Life's a beach! 'I put one of the UK's most dog-friendly holiday spots to the test with my pooch'

pet-friendly holiday spots
Chris Stoddard
Chris Stoddard

Finding dog-friendly holidays in the UK can be a daunting task but one village claims to tick all the boxes with its dog-friendly beaches, pubs, accommodation and activities – so we put it to the test.

Will Scooby be needing a lifejacket? Knowing how clumsy our 11- year-old cockapoo is, it’s a definite yes and the boatman helps our slightly bemused dog into a bright orange inflatable vest.

Scooby then clambers aboard our flat-bottomed cruiser (electric, in a very environmentally friendly way) for a few hours pottering around on the Norfolk Broads. It takes a while for Scooby to find his sea legs – there’s quite a bit of slipping and sliding as the boat bobs along – but once he has nabbed a perch by the steering wheel he is content.

That is what this trip was all about – keeping Scooby happy.

We had come on a dog-friendly holiday to the east Norfolk coast and looking after our canine companion was the top priority.

As every dog owner will know – and there are tens of thousands more since the pandemic – holidays and pets can be tricky. Kennels are expensive, your dog needs all its jabs, and it isn’t a lot of fun for them.

But if you want to bring along the most important member of the family, there’s plenty to think about. Will the hotel, holiday cottage or Airbnb take them? Where can you eat? Where can you walk them?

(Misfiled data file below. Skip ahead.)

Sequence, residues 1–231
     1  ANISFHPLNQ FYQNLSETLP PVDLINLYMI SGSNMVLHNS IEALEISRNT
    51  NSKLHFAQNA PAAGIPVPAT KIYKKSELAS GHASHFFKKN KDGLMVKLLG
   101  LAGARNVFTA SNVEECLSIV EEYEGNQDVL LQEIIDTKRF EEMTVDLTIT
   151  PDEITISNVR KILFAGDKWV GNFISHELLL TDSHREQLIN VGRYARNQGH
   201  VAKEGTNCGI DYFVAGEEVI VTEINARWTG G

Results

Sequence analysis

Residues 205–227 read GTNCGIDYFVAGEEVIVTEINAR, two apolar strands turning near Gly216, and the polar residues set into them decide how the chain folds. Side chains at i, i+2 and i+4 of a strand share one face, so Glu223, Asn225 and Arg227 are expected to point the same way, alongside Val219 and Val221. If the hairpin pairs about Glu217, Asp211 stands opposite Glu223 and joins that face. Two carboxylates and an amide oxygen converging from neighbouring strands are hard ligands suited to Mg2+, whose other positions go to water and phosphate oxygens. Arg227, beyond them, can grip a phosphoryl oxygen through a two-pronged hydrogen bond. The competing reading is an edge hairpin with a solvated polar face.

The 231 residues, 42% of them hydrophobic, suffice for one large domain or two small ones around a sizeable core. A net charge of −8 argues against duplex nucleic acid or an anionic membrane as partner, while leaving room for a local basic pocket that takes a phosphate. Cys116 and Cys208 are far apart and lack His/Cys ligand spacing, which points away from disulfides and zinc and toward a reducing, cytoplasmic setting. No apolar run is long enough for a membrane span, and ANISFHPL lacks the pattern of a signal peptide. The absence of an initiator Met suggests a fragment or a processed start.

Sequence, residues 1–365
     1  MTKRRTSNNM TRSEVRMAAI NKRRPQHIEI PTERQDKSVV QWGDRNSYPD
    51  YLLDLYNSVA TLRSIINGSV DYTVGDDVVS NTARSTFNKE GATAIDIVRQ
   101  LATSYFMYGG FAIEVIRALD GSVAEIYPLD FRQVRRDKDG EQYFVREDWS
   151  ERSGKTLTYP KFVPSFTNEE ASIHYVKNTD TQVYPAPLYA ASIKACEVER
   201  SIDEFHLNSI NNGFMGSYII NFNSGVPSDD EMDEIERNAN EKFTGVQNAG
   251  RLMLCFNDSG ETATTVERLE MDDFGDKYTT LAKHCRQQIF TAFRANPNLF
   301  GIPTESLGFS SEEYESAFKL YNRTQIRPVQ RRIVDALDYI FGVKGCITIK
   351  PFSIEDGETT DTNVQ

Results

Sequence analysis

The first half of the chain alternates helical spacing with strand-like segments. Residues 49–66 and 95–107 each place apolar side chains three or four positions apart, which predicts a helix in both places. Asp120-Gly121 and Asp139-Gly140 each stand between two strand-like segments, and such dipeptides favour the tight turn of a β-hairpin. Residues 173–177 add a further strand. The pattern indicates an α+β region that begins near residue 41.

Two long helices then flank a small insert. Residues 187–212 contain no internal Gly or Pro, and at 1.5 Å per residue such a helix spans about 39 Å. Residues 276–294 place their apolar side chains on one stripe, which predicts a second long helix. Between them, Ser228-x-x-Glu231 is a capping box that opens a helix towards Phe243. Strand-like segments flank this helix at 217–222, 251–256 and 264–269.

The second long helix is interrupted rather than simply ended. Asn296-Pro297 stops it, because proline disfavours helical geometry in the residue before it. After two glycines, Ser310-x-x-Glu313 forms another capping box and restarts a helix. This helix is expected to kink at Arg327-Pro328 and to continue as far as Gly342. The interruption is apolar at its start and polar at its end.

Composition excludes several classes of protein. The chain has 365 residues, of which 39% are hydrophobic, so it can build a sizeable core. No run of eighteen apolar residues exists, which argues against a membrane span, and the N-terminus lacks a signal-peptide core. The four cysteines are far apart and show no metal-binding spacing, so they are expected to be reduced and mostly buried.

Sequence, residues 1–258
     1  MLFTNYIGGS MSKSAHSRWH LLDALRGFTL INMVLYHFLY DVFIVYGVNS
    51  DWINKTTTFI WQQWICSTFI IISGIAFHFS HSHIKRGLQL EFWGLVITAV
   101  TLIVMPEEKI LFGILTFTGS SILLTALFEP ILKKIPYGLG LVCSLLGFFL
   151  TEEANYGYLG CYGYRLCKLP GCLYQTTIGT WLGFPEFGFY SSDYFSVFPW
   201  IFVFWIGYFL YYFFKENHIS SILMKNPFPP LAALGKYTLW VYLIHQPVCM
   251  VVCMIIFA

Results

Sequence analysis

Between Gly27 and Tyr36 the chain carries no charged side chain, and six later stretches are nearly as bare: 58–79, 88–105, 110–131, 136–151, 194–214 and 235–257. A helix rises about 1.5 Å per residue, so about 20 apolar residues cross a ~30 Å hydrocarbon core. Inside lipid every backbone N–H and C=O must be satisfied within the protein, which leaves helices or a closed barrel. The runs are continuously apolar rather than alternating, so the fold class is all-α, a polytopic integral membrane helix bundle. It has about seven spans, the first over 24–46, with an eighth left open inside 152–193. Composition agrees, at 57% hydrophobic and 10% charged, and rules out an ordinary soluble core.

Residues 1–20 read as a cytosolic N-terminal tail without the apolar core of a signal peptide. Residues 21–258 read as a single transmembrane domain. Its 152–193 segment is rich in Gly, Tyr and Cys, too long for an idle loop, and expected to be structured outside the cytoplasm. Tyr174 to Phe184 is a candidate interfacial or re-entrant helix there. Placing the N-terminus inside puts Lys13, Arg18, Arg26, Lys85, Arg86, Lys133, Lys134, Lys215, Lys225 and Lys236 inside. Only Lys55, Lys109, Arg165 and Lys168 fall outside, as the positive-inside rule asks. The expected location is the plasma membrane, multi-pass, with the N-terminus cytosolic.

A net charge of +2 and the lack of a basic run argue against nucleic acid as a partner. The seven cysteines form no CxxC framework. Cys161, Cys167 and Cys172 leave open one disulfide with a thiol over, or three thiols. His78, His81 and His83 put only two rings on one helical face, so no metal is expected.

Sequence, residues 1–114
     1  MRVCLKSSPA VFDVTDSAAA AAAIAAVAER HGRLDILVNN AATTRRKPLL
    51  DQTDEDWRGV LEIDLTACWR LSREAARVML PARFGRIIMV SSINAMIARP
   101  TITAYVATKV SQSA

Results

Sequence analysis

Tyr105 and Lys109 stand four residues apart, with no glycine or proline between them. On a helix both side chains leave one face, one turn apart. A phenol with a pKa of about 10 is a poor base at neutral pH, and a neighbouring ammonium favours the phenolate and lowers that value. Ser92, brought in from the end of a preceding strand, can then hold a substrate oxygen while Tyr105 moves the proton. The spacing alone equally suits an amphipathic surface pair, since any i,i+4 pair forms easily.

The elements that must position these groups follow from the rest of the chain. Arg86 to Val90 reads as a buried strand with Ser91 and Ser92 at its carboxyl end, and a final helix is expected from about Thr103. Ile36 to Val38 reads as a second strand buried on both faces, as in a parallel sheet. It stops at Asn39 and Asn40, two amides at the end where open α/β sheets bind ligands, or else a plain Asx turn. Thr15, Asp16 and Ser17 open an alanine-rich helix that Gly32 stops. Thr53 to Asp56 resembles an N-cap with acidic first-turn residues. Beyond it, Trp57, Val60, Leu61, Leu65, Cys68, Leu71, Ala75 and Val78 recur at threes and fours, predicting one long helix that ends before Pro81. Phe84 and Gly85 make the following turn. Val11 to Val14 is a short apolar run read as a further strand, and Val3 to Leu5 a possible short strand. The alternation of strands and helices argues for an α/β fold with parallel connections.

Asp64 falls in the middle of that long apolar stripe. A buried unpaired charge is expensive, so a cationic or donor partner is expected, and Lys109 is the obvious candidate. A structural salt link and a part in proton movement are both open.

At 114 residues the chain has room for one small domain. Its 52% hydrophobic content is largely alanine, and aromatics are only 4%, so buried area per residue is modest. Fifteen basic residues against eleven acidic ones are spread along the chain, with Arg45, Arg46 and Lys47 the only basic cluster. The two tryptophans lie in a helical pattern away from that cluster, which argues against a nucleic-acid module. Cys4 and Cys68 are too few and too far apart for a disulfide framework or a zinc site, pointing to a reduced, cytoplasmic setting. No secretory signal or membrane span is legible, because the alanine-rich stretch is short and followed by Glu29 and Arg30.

My wife Lucy and 18-year-old son Louis tagged along with Scooby on a weekend to Winterton-on-Sea, which claims, quite rightly, to be one of the dog-friendliest places in the country.

The historic fishing village is bounded by a gorgeous sandy beach on one side and the Broads on the other. Like many of the villages around the Norfolk coast it is peaceful and feels like a real get-away-from-it-all haven, even though it is only 20 miles east of Norwich.

The unspoilt sandy shores offer plenty of dog walks all year round – yes, even in the height of summer when most other beaches have put up the no-entry sign to our doggy friends.

Scooby, a city hound at heart, loved it – soft on the paws, something to smell or investigate around every corner, and he even had a slightly hesitant paddle in the sea.

Atlantic grey seals and common seals can be seen there – many come on to the beaches at nearby Horsey to give birth. We came across a handful lounging on the sand about a mile up the coast, keeping a watch on passing humans.

While you’re there, pop across to admire a classic Norfolk attraction – the recently-restored Horsey Windpump, which overlooks Horsey Mere. Dogs are allowed on the site, but not inside the National Trust managed windmill itself.

North of Winterton, behind the car park, there is an area called the back hills which is fantastic for walking and is designated an Area of Outstanding Natural Beauty. It is home in the summer to an array of butterflies and damselflies – and the UK’s largest colony of terns.

Scooby isn’t particularly a nature lover, but again, you can walk as far as you like on the beach, then clamber up into the dunes and wander back through the hills.